A stepper motor is a simple two phase brushless synchronous motor containing a segmented magnetized rotor and a stator consisting of a prescribed number of electromagnetic coils. When energized, these coils create north and south polls that push or pull the segmented magnetized rotor to make it spin. The illustration shows the internal construction and tooth alignment of a typical hybrid stepper motor. The fine teeth, evenly spaced around the entire diameter, provide the incremental angular rotation that results in mechanical motion.
Stepper motors consist of two windings (2 phase) energized with DC current. When the current in one winding is reversed, the motor shaft moves one step. By reversing the current in each winding, the position and speed of the motor is easily and precisely controlled, which makes the step motor extremely useful for many different motion control applications. The step size is determined by the motor design characteristics, with the 1.8° step angle the most common (consisting of 200 teeth). Other step angles are readily available. The number of steps per revolution is calculated by dividing 360° by the step angle.
Stepper motors are selected by holding torque and corresponding rated current. Holding torque specifies the maximum external torque applied to a motor (energized with its rated current) without causing continuous rotation. At the point the motor begins to rotate, the available torque is often referred to as pullout torque. Pullout torque ratings are represented as values plotted on the motor’s speed/torque curves.
The coils of a stepper motor can be configured in a unipolar or bipolar arrangement. Since simple stepper motor driver electronics can be used to sequence the coils to rotate the motor shaft, unipolar configurations are the easiest to control. A bipolar arrangement requires a more sophisticated driver to properly sequence the windings to control the motor, which also provides additional performance benefits, such as a higher holding torque.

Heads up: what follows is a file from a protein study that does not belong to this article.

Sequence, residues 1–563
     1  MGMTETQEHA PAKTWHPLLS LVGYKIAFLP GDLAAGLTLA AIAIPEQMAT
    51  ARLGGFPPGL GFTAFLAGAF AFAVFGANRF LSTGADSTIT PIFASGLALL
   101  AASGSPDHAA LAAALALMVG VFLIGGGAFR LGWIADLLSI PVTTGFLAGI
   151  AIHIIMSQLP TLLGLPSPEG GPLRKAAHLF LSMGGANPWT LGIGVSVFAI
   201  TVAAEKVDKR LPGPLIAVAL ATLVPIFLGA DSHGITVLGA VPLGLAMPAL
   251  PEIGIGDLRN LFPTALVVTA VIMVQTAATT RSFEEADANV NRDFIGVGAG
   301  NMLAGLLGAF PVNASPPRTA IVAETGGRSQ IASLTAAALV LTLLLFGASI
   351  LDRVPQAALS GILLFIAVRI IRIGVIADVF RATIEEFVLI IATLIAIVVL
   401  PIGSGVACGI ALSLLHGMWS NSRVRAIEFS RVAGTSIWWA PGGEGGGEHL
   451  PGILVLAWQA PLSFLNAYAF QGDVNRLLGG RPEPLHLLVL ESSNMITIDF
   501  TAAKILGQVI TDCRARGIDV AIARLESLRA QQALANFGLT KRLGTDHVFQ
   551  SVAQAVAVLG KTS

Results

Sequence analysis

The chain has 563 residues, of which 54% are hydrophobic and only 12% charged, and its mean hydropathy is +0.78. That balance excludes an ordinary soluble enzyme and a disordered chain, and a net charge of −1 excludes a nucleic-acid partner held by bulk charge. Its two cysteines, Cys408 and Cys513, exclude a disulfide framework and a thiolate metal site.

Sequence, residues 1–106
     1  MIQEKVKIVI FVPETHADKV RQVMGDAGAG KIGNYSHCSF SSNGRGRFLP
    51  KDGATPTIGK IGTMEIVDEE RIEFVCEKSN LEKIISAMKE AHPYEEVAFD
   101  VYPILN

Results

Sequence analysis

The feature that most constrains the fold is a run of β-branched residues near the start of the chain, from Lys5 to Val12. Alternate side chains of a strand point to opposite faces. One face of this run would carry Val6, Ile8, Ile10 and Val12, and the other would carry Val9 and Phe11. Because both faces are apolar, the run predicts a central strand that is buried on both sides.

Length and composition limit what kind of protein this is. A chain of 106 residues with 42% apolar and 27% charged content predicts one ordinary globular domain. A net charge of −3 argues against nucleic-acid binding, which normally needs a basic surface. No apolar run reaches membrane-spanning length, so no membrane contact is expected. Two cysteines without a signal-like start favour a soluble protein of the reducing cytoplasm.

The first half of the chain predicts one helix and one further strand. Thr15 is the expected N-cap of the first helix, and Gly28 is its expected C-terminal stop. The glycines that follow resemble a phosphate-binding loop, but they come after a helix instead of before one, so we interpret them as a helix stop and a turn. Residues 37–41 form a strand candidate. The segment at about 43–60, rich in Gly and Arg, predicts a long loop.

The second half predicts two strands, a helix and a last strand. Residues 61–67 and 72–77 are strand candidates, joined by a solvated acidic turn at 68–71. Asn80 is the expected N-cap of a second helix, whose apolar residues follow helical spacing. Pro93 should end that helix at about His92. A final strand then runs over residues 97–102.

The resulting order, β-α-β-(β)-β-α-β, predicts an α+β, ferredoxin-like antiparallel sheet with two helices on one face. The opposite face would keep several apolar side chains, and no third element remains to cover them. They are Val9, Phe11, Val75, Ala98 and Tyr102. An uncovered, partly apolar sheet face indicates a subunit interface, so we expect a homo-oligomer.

Stepper drives are available in a wide range of voltage and current ratings. A motor’s performance is highly dependent on the current and voltage supplied by the drive. The terms full-step, half-step, and “microstep” are commonly used to discuss step motors. A 1.8° step motor, for example, has 200 discrete positions in a full 360° revolution. Since 360° divided by 200 equals 1.8°, the motor shaft will advance 1.8° each time the motor is commanded to take one step - known as a full-step. The term “half-step” indicates a 0.9° step angle (half of a full 1.8° step) that is achieved by a switching technique that alternately applies positive current, no current, and negative current to each winding in succession. The term “microstep” refers to a more sophisticated form of control that goes beyond the simple switching of power between the motor phase windings to control the amount of current sent to the individual windings. A major benefit of microstepping is to reduce the resonance amplitude that occurs when the motor operates at its natural frequency. Microstepping permits the shaft to be positioned at places other than the 1.8° or 0.9° locations provided by the full-step and half-step methods. Microstepping positions occur between the two angular points in the rotation of the rotor. The most common microstep increments are 1/5, 1/10, 1/16, 1/32, 1/125 and 1/250 of a full step.